Thought I delivered to Elysian green,
Where want was foreign to the every ear;
Now find I that she will not this thought bear
But to condemn her what love might have been.
Mine eyes another such never have seen,
Nor dare I cast myself to such a fear.
I ask reason why this face she doth wear,
And learn to passion’s ill I am given?
Cruel will! Infected heart! Hie thee away,
And let me to this memory remain.
Seek not to aid me, for high cost I pay
Where inflamèd desire doth complain.
From this moment ever on shall I faste,
And pray my lady think mine err but waste.
1. Elysian green: The Elysian fields were the ‘Paradise’ of some Greek myths, as opposed to the torment of Tartarus (the area of Hades most people think of when they recall the classical land of the dead). In what I hoped was true Renaissance fashion, I melted a lot of classical and Christian ideas together, so a Christian Heaven (or Hell) might be referred to by its classical counterpart.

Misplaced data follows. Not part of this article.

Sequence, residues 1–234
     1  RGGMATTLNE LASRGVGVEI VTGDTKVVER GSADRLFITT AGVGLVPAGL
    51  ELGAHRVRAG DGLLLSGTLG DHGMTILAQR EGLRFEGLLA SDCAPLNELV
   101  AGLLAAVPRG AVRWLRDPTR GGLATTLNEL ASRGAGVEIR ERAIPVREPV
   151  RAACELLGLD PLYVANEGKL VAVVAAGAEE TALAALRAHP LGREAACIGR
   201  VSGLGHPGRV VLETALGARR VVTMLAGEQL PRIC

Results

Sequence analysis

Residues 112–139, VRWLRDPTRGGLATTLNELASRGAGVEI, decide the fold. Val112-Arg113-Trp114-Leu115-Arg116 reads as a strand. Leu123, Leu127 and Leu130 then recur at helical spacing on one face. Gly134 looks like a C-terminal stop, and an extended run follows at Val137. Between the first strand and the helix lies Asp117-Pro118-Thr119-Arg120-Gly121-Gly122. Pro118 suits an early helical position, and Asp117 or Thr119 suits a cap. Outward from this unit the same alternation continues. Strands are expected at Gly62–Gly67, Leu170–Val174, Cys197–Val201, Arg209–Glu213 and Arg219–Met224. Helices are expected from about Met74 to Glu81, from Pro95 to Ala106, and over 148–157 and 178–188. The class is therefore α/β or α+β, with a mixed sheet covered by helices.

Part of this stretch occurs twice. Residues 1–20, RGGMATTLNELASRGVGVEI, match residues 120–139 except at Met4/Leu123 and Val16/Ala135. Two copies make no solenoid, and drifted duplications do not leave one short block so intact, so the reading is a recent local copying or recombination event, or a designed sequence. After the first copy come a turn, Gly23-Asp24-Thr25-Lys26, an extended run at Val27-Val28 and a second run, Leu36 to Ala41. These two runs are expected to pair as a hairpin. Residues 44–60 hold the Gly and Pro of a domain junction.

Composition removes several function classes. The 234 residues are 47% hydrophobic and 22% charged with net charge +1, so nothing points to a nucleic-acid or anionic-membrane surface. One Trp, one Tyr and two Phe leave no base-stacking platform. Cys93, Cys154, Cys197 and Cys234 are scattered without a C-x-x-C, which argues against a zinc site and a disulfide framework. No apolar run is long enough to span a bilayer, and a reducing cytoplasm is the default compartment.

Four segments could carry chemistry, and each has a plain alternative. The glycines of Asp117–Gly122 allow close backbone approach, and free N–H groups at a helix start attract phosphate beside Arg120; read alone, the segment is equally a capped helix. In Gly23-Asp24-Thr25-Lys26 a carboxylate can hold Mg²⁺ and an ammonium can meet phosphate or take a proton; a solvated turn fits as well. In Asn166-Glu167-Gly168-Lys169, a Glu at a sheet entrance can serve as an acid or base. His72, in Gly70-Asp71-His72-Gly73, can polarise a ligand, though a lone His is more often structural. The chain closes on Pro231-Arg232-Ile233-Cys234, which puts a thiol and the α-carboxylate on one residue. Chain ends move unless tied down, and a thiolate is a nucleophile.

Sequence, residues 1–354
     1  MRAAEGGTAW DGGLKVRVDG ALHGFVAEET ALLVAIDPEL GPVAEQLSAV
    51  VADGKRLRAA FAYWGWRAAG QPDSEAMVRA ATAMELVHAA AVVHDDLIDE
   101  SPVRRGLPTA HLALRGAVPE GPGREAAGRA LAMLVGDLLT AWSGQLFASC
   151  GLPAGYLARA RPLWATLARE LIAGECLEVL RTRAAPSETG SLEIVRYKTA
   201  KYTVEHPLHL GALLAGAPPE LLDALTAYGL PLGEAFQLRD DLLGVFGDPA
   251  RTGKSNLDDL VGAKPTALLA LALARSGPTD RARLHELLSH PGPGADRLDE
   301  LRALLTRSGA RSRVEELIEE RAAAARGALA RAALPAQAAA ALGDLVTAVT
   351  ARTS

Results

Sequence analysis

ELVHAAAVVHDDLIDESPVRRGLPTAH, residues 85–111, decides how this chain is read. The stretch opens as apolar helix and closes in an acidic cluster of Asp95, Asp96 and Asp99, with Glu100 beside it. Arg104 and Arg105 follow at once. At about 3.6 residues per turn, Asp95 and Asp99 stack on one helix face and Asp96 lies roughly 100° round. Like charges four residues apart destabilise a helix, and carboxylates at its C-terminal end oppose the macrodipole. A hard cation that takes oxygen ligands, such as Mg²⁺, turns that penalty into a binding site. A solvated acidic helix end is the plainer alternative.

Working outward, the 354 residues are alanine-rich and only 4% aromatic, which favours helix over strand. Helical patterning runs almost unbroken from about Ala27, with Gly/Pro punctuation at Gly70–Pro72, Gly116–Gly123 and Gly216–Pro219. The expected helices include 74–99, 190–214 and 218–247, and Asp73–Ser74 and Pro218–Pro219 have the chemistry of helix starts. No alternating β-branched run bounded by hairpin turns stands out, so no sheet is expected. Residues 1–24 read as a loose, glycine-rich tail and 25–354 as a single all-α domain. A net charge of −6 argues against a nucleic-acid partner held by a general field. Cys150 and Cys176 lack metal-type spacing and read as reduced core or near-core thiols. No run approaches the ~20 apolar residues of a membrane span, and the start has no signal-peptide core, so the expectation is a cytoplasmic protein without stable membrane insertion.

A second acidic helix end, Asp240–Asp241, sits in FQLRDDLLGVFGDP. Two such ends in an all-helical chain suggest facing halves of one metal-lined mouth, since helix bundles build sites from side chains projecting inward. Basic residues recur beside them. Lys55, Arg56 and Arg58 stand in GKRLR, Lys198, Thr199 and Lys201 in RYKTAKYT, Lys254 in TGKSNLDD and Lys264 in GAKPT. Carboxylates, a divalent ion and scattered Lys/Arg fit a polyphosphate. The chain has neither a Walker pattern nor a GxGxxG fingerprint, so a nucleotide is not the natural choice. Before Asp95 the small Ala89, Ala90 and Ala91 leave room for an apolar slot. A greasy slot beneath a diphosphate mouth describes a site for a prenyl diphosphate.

10. memory: Another Neoplatonic philosophy embraced by Sidney, the memory was man’s device for recalling the knowledge he once possessed before the Fall (Platonically speaking, the idea of a thing as opposed to its form). The memory then informed the reason on how to utilize that knowledge, and the will (kept in check by reason, also note line 9’s “cruel will”) could then act out the proper utilization.
14: “but waste”: Here I make a very obscure nod to Wyatt’s “Ever mine hap,” which was a harshly-toned translation of Petrarch’s Rime 57 (“Mie venture al venir son tarde et pigre”) that ends, “all my trust and travail is but waste.” Of course, this sonnet has a slightly different meaning in terms of what actions are waste, and why.